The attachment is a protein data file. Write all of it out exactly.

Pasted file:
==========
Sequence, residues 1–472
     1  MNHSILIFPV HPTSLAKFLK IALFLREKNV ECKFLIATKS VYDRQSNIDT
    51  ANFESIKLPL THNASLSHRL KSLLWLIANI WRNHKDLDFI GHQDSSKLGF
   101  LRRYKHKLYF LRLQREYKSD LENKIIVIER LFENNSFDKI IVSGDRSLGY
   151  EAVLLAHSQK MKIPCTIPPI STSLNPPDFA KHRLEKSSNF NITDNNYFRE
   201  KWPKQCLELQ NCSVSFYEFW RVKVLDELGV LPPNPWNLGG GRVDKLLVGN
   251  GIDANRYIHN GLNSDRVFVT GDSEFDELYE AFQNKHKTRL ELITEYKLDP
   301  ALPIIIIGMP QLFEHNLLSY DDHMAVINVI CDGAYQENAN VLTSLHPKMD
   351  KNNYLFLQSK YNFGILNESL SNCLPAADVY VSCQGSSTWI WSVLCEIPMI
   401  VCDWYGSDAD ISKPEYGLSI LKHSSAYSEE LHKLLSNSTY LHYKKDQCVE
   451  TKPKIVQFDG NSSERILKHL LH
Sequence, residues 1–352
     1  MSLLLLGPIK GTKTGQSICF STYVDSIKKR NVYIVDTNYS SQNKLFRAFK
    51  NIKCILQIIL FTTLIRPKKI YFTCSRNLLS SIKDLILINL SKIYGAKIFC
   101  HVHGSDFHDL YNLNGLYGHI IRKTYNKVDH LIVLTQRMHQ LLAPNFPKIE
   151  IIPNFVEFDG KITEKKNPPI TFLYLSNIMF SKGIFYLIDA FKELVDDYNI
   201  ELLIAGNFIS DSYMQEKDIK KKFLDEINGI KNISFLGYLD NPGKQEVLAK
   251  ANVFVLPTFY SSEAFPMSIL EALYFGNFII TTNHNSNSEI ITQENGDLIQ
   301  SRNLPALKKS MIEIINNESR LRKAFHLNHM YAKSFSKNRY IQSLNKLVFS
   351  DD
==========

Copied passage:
Sequence, residues 1–472
     1  MNHSILIFPV HPTSLAKFLK IALFLREKNV ECKFLIATKS VYDRQSNIDT
    51  ANFESIKLPL THNASLSHRL KSLLWLIANI WRNHKDLDFI GHQDSSKLGF
   101  LRRYKHKLYF LRLQREYKSD LENKIIVIER LFENNSFDKI IVSGDRSLGY
   151  EAVLLAHSQK MKIPCTIPPI STSLNPPDFA KHRLEKSSNF NITDNNYFRE
   201  KWPKQCLELQ NCSVSFYEFW RVKVLDELGV LPPNPWNLGG GRVDKLLVGN
   251  GIDANRYIHN GLNSDRVFVT GDSEFDELYE AFQNKHKTRL ELITEYKLDP
   301  ALPIIIIGMP QLFEHNLLSY DDHMAVINVI CDGAYQENAN VLTSLHPKMD
   351  KNNYLFLQSK YNFGILNESL SNCLPAADVY VSCQGSSTWI WSVLCEIPMI
   401  VCDWYGSDAD ISKPEYGLSI LKHSSAYSEE LHKLLSNSTY LHYKKDQCVE
   451  TKPKIVQFDG NSSERILKHL LH
Sequence, residues 1–352
     1  MSLLLLGPIK GTKTGQSICF STYVDSIKKR NVYIVDTNYS SQNKLFRAFK
    51  NIKCILQIIL FTTLIRPKKI YFTCSRNLLS SIKDLILINL SKIYGAKIFC
   101  HVHGSDFHDL YNLNGLYGHI IRKTYNKVDH LIVLTQRMHQ LLAPNFPKIE
   151  IIPNFVEFDG KITEKKNPPI TFLYLSNIMF SKGIFYLIDA FKELVDDYNI
   201  ELLIAGNFIS DSYMQEKDIK KKFLDEINGI KNISFLGYLD NPGKQEVLAK
   251  ANVFVLPTFY SSEAFPMSIL EALYFGNFII TTNHNSNSEI ITQENGDLIQ
   301  SRNLPALKKS MIEIINNESR LRKAFHLNHM YAKSFSKNRY IQSLNKLVFS
   351  DD